How to Make Better Scrambled Eggs

Better Scrambled Eggs Blog-2

Nothing ruins a beautiful breakfast spread faster than tough, chewy, sulfuric eggs. The ability to make scrambled eggs is a life skill, but it's more complicated than it seems — especially if you want scrambled eggs that are truly delicious. The French have mastered simple scrambles with a creamy just-cooked texture and a few chopped chives as a garnish. But you may prefer the more maximalist approach with cheese, veggies, or meat added.

No matter how you like 'em, there are a few ways to improve your egg game to impress your loved ones but more importantly — yourself.

How to Make Better Scrambled Eggs

Better Scrambled Eggs-1

Quality Eggs

Common sense holds that the better ingredients you start with, the better your end result will be. For unbeatable eggs with orange-colored yolks, you might try sourcing them from a local farm or farmers market. These eggs will also probably be the freshest. For grocery store eggs, you'll want to go for cartons that are labeled with "pasture-raised" and "organic." Better_Scrambled_Eggs_2


Commit this to memory: Fat is flavor. You can scramble your eggs in any fat—olive oil, duck fat, or ghee. But butter, in all its rich glory, reigns supreme. The dairy-based fat adds an unmatched creaminess that will help your eggs remain soft and velvety. As with the eggs, the highest-quality butter you can acquire is ideal.


A pinch of salt before cooking will help enhance the flavor of the butter and the eggs. It's best to be conservative and not oversalt in the early stages of cooking. You can always add more after the eggs are cooked, if necessary. Better_Scrambled_Eggs_3


This might be the most important part of making the best scrambled eggs possible. Low and slow is the name of the game here. You should set your burner to low to start. You might bump it up to medium-low if it's not coming together and remains liquid-y, but you really do not want to go above that level of heat.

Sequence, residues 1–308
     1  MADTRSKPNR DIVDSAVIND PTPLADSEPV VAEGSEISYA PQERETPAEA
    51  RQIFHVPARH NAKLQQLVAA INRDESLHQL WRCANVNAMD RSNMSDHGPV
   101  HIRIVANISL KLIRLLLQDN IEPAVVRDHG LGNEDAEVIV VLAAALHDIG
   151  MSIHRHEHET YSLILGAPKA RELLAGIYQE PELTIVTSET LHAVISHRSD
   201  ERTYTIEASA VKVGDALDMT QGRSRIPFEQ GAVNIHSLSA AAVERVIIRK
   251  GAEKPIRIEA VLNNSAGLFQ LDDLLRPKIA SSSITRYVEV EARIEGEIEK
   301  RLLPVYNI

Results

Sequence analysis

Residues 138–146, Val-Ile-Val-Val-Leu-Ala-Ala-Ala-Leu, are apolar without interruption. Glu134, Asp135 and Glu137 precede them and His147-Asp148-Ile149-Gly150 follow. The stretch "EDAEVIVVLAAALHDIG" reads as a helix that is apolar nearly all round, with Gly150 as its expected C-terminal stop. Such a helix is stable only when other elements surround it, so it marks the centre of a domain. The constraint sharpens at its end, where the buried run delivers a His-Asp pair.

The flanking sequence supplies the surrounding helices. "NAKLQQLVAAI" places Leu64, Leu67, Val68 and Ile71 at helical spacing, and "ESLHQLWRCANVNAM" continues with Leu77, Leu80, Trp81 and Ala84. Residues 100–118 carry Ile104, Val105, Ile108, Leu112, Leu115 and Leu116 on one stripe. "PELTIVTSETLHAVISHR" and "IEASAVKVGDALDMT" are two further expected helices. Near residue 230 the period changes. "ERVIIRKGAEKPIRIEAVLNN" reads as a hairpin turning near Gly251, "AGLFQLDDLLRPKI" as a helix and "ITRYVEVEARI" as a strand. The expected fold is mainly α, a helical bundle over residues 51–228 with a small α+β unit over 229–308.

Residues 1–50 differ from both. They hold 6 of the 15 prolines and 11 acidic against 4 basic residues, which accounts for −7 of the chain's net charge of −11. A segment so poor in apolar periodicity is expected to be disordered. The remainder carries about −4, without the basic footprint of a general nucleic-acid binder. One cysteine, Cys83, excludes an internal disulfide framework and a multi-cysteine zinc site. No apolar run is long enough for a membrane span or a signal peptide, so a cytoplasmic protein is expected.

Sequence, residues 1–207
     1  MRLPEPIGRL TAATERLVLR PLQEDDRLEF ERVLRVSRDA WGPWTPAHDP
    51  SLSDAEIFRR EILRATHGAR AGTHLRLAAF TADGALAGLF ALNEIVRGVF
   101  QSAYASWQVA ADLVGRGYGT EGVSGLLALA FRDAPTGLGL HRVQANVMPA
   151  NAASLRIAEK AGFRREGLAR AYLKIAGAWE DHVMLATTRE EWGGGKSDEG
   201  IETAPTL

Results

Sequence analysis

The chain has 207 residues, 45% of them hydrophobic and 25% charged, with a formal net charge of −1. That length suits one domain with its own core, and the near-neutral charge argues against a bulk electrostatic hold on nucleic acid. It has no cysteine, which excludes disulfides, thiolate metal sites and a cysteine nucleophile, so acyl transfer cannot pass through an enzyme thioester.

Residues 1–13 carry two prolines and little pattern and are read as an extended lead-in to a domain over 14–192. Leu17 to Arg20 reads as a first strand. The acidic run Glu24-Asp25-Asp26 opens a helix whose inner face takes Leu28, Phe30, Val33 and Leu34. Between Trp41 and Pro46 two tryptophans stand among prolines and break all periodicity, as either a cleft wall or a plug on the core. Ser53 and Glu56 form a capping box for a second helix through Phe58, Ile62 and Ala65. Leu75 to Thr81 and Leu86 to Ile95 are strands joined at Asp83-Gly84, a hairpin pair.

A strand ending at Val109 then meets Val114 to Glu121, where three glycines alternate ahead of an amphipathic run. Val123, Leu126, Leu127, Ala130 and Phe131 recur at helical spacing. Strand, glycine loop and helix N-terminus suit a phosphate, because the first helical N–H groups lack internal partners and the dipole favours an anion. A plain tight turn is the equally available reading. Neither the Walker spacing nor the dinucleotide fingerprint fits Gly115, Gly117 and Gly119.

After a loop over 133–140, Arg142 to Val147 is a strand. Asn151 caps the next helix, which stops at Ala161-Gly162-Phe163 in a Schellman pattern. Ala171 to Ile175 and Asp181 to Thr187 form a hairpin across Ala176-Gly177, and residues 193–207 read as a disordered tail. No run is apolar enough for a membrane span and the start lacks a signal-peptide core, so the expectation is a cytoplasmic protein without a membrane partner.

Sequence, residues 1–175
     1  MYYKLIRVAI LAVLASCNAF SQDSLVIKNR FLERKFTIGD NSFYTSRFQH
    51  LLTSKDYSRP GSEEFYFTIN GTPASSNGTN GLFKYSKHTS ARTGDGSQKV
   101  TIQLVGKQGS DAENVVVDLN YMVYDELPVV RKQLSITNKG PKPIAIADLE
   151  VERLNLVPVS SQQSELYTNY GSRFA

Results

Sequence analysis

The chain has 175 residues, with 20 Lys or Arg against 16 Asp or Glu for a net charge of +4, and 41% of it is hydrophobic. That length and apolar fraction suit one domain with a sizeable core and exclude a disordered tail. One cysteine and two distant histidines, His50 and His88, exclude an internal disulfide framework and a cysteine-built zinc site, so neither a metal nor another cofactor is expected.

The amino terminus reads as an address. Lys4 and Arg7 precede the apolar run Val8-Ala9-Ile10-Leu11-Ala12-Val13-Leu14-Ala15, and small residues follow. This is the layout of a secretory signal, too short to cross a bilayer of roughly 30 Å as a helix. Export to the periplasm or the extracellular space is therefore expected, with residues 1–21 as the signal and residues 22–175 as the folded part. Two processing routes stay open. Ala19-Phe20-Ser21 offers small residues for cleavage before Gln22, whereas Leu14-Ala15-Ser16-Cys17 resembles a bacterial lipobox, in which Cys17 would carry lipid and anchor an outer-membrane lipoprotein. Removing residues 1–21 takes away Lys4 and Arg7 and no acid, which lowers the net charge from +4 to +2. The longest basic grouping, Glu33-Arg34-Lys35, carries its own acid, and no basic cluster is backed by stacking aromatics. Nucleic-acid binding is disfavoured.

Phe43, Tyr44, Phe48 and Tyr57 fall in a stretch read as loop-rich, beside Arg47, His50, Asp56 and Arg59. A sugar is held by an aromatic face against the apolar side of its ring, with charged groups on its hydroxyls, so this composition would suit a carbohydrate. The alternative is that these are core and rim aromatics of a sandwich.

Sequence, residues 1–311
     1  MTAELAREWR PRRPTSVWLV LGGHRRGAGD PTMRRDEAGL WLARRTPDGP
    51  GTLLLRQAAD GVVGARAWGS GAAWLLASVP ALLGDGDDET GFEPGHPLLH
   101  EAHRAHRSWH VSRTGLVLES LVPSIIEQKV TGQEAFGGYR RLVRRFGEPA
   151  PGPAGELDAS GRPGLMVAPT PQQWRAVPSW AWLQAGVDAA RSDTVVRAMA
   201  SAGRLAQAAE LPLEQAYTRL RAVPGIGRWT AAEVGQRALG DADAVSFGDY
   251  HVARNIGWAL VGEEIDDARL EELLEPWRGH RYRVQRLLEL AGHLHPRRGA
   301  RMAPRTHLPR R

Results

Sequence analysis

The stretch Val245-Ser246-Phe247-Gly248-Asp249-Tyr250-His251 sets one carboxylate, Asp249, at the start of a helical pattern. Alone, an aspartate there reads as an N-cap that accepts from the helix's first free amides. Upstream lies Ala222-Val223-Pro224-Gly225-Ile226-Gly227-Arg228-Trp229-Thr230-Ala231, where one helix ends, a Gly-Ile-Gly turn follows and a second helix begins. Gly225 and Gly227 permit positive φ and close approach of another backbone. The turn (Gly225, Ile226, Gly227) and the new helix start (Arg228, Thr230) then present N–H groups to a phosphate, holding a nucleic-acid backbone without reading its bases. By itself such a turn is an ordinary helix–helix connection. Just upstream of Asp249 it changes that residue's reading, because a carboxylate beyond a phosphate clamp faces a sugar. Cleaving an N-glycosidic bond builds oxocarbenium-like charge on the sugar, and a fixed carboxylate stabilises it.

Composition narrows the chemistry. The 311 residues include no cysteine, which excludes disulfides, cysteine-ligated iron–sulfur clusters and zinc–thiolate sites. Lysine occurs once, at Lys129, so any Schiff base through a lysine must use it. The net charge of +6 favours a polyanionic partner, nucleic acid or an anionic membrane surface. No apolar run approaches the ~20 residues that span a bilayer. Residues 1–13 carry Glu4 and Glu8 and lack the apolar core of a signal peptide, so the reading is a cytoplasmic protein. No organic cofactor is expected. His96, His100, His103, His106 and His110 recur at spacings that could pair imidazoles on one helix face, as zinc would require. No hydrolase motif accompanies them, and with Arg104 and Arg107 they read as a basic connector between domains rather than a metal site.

Starting with low heat ensures your butter gets a nice melt going and that the skillet isn't so hot that you scorch your eggs as soon as you pour them in. High heat means hard eggs. Be prepared to watch the eggs closely and adjust the heat during the cooking process. Once you're done cooking, move it off the heat and to a dish as soon as possible.


Scrambled eggs aren't a "set it and forget it" process. Just as you need to keep a close eye on the heat, you'll want to almost constantly move the eggs in the skillet. This helps cook all parts of the eggs evenly, but also ensures no one part gets too hot or too tough. While paying lots of attention is important to the cooking process, it shouldn't take more than a few minutes to cook scrambled eggs properly.

With all this in mind, you should be ready to begin bringing beautiful breakfasts to your kitchen bar or table!

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